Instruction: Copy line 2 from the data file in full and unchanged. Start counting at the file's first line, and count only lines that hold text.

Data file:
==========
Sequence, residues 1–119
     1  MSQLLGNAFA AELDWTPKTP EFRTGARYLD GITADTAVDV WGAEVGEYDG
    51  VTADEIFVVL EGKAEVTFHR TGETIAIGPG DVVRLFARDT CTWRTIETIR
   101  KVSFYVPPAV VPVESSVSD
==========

     1  MSQLLGNAFA AELDWTPKTP EFRTGARYLD GITADTAVDV WGAEVGEYDG